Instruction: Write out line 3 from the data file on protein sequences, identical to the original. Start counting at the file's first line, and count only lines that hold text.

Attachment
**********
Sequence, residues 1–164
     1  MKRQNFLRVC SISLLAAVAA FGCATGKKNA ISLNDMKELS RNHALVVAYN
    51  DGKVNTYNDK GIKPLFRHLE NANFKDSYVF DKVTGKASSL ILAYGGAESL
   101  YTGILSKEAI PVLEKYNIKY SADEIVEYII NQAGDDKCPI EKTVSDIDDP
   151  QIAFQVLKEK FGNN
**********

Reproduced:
    51  DGKVNTYNDK GIKPLFRHLE NANFKDSYVF DKVTGKASSL ILAYGGAESL